A place where some of Europe’s biggest glaciers meet the continent’s hottest volcanic springs, Iceland is often known as the Land of Fire and Ice. This island of extremes was formed about 25 million years ago, making it one of the youngest landmasses on the planet. But as a hotbed of geological activity, the volcanic processes that helped build the country continue today, adding to the rugged and sometimes unforgiving landscape highlighted in this gallery. To explore more exciting features found on the largely uninhabited island, watch Undiscovered Vistas II, now available on Love the Nature app.
At 270 metres deep, 40 kilometres long, and—in many places—600 metres wide, Eldgjá is the largest volcanic canyon in the world. It was formed by a gigantic eruption in 934 that resulted in a lava field that covered 800-square-kilometres; it was the largest flood basalt in history. Today, an impressive waterfall known as Ófærufoss flows through the massive canyon, making it a must-see among explorers of Iceland’s rugged interior.
The Skógafoss waterfall flows over a set of cliffs that once made up the country’s southern coast. Now situated on the Skoga River, about five kilometres inland, the cliffs create a clear division between Iceland’s coastal lowlands and its highlands. The dramatic falls plunging over the receded coastline are some of the country’s most iconic, and not simply because they’re so accessible—the massive cascade of water drops 60 metres off a broad plateau that stretches approximately 30 metres wide.
These basalt sea stacks are found off the southern coast of Iceland, not far from the looming cliffs of Reynisfjall Mountain. Teeming with nesting Arctic terns, fulmars and puffins, these spiky cliffs stretch a stunning 65 metres out of the ocean. These formations are also located right next to the Reynisfjara shore, often regarded as the most impressive black sand beach in Iceland.
Thingvellir National Park is located in an active volcanic area, where the continental drift can be clearly seen through the dramatic fissures and cliffs that cover the region’s landscape. At the south end of the park lies Thingvallavatn Lake, the largest natural lake in Iceland and home to the Silfra fissure, a rare geological feature that attracts divers from around the world hoping to snorkel directly between two continental plates in some of the world’s clearest waters.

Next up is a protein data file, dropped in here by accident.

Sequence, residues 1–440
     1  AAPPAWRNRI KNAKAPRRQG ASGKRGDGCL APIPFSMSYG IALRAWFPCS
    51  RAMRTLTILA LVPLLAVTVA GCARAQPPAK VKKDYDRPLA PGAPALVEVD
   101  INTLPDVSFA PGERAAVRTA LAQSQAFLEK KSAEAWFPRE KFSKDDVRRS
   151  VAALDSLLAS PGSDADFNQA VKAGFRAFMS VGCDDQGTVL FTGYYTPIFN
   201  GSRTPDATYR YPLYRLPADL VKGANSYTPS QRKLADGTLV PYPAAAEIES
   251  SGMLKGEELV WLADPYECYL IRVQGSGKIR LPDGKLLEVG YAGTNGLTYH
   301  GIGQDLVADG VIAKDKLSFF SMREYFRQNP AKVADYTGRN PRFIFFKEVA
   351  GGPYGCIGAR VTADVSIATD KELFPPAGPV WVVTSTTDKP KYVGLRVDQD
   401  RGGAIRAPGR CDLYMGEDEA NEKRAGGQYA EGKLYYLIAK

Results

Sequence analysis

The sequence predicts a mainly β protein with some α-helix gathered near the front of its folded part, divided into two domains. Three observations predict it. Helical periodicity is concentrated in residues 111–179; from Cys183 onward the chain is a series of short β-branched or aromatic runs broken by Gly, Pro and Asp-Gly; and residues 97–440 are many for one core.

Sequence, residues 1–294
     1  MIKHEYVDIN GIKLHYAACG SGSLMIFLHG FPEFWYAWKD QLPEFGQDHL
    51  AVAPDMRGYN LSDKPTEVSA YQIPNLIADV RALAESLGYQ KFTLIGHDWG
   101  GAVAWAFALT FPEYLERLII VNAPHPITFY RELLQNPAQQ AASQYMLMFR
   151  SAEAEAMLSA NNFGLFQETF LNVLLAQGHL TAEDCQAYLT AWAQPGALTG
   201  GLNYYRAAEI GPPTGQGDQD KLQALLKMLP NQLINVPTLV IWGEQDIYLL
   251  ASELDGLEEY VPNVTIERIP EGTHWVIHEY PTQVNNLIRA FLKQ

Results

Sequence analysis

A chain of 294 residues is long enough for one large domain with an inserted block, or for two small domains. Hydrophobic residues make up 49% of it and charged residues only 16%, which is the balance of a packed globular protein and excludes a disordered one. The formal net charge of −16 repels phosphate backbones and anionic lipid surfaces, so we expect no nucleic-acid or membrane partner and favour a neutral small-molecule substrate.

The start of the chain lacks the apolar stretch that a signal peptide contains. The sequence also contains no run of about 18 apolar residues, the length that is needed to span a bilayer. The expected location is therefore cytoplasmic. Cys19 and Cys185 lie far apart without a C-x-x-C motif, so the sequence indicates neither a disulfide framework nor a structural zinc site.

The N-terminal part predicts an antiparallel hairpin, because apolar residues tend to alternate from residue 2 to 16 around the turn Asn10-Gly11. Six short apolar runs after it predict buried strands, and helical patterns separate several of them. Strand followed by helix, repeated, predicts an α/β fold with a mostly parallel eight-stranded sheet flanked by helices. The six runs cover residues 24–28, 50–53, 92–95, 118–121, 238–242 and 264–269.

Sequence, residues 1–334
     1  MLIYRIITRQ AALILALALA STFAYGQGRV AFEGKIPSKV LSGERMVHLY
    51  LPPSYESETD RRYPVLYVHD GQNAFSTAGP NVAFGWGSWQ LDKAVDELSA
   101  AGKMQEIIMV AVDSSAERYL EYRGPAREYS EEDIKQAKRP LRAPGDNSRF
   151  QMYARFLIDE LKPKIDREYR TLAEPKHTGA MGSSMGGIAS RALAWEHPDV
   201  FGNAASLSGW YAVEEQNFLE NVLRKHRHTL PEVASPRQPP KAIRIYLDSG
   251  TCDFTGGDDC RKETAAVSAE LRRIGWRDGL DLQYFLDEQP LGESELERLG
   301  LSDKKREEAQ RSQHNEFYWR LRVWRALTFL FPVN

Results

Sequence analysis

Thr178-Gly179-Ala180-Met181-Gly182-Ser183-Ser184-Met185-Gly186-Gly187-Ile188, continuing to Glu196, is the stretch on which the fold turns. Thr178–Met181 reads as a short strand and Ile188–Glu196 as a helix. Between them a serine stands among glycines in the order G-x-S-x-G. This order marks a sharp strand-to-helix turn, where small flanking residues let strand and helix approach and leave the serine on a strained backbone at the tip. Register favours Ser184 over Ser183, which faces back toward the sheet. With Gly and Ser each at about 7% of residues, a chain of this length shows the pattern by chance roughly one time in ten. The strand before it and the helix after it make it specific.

Located on the western coast of Iceland, Snæfellsnes Peninsula’s diverse landscape is marked by sparkling fjords, dramatic sea cliffs, commanding volcanic mountains, sand-covered beaches, and crunchy lava flows. Just a few notable landmarks along the 90-kilometre stretch include the Vatnshellir Cave, an 8,000-year-old lava tube that descends 35 metres below the surface; the black sand beaches of Djúpalónssandur and Dritvik; and the Eldborg Crater, which rises 60 metres from the surrounding lava.
Sandvik, which means “sand beach,” is found on the southernmost point of the Reykjanes peninsula, which is located between the North American and Eurasian continental plates. Sandvik’s black sand is a rarity among the geothermal landscape made up of mostly volcanic rock. However, the peninsula might be best known as the only place in the world where the Mid-Atlantic Ridge is visible above sea level.
Known as the “Pearl of the Highlands,” Landmannalaugar is a must-see for those venturing into Iceland’s lesser-known interior. Part of Fjallabak Nature Reserve, Landmannalaugar sits 600 metres above sea level among multi-coloured mountains made up of rhyolite, a mineral-filled lava that cools unusually slowly, creating unconventional hues. This, combined with the region’s abundance of hot springs, have made Landmannalaugar a particularly noteworthy destination among hikers.
The landscape of Hvalfjörður, an isolated fjord that’s also one of Iceland’s deepest, is as stunning as it is varied—large swaths of flat land contrast with soaring mountains and beaches that are broken into pieces by small creeks. The fjord is also home to the well-known Glymur waterfall, which was once thought to be Iceland’s highest set of falls at 198 metres. These falls gradually descend over rugged moss-lined volcanic rock to create one of the country’s most grandiose sights.
Located in Vatnajökull National Park, Svartifoss is one of the most scenic waterfalls in Iceland, but not because of its narrow, 20-metre-high column of water. Svartifoss, which can be translated to Black Falls, is named after the dark columns of lava that line the horseshoe-shaped gorge framing the falls. The columns of lava are so stunning, in fact, that their natural beauty inspired the design for both the National Theatre of Iceland and the Hallgrimskirkja church in Reykjavik.
Stokkur is an extremely powerful geyser and an equally powerful sight. It lies on the geothermic field of Haukadalur, erupting every five to ten minutes, regularly reaching 20 to 30 metres high. Before it erupts, the pool gently pulsates up and down, while water temperatures reach a scalding 240 degrees Celsius. Although the water cools when it’s released, it’s still a steamy 80 to 100 degrees Celsius when it shoots from the geyser.